A true return to form for Breezy Lovejoy Anderson .Paak and his boys. ‘Yes LAWD!’.
I have been a die-hard Paak fanboy since Malibu and was enamoured with the electric chemistry between Paak and The Free Nationals, the gospel influences, the bells and chimes, the syrupy basslines and Anderson’s untouchable talent. I went into Oxnard with high hopes, despite knowing The Free Nationals weren’t creatively involved and that most of the production was being orchestrated by Dr Dre. I’m ashamed to admit that the Doctor let me down. The carefree, soulful SoCal funk that I grew to love didn’t seem to be there despite the album’s obvious merit, and I missed it. Knowing that The Free Nationals were involved in this record reignited my anticipation and I’ve been waiting for Ventura for longer than it’s been announced.
The whole album is packed with dazzlingly sharp production, and within the first 30 seconds of ‘Come Home‘ you just know that Anderson is back to his shiny-toothed antics
The whole album is packed with dazzlingly sharp production, and within the first 30 seconds of ‘Come Home‘ you just know that Anderson is back to his shiny-toothed antics. The soul on this track is leaking everywhere, and the choral effect between verses is a nice nod to Paak’s days as a church drummer. André 3000, of course, can’t tackle his verse in any sort of normal way. Yet, being such a lateral thinker, he spits all over it with the most unpredictable flows and rhymes, creating a very clear border between Anderson’s methodical soul and his own unorthodox lyrical ramblings.
A precious and intimate love song about attempting to rekindle a romance follows in ‘Make it Better‘, and the strings paired with the bumbling swaying beat and bassline create the musical illusion of skipping, which matches the sentiment of the song even more; “Oh baby, do you want to make it better? / Do you want to stay together? / Hey, if you do then let’s please / make some new memories.”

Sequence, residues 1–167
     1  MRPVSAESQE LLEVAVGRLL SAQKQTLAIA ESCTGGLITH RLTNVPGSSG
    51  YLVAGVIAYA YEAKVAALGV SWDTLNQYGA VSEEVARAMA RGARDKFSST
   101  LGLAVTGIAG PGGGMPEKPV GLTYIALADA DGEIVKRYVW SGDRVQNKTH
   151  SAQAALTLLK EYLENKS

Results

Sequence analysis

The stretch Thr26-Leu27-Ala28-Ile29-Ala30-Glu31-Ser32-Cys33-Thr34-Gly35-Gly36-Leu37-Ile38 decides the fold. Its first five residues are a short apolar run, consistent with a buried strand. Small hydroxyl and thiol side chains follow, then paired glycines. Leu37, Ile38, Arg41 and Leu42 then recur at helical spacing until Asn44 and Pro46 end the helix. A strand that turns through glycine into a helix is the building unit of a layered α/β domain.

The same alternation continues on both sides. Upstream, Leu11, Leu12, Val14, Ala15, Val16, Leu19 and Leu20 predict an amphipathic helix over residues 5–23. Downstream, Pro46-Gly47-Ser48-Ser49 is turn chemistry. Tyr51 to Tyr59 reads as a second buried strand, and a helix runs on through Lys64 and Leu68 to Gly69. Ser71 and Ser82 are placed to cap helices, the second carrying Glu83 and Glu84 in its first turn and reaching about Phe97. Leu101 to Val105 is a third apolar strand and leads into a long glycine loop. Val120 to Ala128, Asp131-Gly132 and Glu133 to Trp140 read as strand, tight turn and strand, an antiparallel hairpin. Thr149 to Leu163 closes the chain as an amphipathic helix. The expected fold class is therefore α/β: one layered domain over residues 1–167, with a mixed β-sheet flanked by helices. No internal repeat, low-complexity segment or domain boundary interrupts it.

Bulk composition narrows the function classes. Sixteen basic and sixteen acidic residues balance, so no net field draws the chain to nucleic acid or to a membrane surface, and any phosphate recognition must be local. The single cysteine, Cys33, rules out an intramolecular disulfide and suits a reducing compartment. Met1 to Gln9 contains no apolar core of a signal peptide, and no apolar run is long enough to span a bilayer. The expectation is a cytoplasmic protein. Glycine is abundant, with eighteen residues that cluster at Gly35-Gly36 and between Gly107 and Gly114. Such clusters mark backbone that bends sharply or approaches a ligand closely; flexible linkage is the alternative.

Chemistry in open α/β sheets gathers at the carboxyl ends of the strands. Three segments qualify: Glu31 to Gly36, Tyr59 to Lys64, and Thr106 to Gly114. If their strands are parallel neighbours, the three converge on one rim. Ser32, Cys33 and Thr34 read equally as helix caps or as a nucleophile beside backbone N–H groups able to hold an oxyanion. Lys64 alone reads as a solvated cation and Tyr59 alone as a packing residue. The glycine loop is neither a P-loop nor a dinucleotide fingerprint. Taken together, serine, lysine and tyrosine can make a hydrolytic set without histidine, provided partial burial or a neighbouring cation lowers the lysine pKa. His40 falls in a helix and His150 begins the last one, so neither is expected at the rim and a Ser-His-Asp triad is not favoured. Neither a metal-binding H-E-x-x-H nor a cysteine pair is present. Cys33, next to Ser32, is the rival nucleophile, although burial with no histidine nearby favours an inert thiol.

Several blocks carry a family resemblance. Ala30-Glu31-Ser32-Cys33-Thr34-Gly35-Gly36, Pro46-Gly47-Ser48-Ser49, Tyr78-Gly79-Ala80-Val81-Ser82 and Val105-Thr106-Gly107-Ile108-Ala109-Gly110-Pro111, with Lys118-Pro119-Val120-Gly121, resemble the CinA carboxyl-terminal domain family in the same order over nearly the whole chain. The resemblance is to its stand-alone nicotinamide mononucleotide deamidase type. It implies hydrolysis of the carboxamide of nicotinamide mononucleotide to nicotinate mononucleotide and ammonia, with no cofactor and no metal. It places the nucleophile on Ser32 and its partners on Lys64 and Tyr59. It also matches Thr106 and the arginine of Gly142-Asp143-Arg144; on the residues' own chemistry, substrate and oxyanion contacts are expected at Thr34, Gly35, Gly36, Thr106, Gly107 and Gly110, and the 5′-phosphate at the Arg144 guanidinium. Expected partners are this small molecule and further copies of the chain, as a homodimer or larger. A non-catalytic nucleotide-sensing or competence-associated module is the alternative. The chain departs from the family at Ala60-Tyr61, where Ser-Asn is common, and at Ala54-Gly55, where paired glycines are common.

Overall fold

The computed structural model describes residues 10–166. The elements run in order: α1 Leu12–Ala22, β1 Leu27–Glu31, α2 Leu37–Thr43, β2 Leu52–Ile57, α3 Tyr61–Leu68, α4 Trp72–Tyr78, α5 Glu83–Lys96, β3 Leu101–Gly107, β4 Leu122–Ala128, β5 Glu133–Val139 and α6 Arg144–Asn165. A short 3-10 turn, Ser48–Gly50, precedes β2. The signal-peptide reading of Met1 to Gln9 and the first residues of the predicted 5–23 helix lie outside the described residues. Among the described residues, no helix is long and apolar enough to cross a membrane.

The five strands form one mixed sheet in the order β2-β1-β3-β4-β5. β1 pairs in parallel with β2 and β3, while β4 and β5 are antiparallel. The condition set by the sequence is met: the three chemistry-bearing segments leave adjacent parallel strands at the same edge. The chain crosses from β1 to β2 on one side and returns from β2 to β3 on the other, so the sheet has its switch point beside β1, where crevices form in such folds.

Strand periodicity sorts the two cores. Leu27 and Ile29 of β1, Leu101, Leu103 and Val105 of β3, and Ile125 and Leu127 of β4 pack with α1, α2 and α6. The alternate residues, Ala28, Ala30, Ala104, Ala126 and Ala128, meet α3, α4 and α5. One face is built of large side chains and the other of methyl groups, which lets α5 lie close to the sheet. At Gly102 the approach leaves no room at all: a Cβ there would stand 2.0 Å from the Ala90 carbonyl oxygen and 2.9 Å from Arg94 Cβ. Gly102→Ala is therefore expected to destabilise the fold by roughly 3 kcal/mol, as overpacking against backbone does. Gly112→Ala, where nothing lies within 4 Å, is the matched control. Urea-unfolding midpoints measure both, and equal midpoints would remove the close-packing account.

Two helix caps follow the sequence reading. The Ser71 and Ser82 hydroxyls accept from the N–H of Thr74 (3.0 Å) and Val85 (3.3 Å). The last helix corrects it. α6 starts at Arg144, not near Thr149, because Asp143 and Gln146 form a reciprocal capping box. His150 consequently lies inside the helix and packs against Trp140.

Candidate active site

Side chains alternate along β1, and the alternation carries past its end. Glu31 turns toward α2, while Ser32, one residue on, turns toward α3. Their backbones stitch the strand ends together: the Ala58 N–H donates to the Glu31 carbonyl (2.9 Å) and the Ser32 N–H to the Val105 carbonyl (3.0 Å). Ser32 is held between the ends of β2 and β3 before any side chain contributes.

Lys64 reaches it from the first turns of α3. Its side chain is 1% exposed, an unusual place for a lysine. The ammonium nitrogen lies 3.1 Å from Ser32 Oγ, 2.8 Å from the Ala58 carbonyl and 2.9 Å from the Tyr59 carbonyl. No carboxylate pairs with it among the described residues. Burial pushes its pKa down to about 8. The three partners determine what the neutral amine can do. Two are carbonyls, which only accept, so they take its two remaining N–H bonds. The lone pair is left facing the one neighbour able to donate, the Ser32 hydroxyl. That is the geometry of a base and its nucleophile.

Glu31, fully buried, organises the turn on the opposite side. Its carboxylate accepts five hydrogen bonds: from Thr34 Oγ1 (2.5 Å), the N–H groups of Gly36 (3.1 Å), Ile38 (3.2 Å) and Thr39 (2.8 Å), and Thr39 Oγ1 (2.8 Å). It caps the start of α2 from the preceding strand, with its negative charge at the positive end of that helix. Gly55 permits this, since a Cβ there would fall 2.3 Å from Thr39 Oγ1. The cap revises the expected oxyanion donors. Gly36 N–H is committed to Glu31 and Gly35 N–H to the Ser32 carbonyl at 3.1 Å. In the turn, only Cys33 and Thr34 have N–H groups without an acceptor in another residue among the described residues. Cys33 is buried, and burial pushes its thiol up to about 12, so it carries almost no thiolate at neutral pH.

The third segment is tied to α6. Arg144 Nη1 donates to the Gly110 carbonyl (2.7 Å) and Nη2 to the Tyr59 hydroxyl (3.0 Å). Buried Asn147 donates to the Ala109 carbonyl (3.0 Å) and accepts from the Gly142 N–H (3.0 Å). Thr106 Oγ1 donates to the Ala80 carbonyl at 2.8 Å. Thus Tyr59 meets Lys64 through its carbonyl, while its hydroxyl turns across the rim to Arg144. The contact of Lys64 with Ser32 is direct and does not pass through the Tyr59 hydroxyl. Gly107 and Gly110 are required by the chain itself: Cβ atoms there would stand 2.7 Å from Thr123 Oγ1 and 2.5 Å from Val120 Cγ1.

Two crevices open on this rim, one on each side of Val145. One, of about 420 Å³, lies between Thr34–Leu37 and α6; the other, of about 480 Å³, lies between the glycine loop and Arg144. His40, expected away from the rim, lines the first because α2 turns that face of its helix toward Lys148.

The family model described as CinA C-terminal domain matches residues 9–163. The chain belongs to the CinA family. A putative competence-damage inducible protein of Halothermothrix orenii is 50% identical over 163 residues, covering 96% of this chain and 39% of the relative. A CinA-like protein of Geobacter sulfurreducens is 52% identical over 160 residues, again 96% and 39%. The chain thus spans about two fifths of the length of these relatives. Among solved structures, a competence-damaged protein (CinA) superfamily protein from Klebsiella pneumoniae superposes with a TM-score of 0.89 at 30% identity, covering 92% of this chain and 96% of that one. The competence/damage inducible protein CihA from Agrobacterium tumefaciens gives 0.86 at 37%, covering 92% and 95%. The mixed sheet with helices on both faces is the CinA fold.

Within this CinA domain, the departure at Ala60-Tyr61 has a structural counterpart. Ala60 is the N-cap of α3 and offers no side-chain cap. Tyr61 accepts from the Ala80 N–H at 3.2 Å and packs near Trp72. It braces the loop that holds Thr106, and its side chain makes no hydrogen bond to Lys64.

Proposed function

Anderson and Lalah Hathaway throw this record way back to the 1980’s with a disco-like first verse on ‘Reachin’ 2 Much‘, which breaks down halfway through with a jazzy, wobbly second half, reminiscent of the mad hatter Jay Kay and the acid jazz phenomenon Jamiroquai pumped into the late 90’s and 2000’s. The production on this record just gets better and better from here; ‘Winners Circle‘ incorporating some scat and vocalisation on top of some bass improv in the bridge, before yet another breakdown and a smooth verse from Paak, featuring the presidential burn ‘I go dumb like the President’. From one song to the next, the production stays focused and funky, but my favorite song on the record has to be socially aware ‘King James’, not just because I’m a basketball fanatic (what on earth is Bron doing sleeping on defence this season, by the way?) but because it has everything: soul, horns, funk, and Anderson’s trademark raspy yet smooth gospel pipes.
it has everything: soul, horns, funk, and Anderson’s trademark raspy yet smooth gospel pipes
The final track on this record is fraught with what sounds like an Indian influence, with a sitar bouncing through the rest of the instruments on show, and is a bittersweet conclusion with guest samples from the late Nate Dogg; Paak interacts with Dogg’s studio chitchat in such a believable way, you’d think he was still alive. It’s a wonderful and realistic manifestation of Nate’s legacy, and for a minute I felt like I was listening to the man himself, as though he really did record this song with Anderson.
This entire album is a whirlwind of smooth soul, jazz, funk, and R&B energy; a true west coast record that, in my eyes, brings Paak back to the glory days of his Malibu hijinks.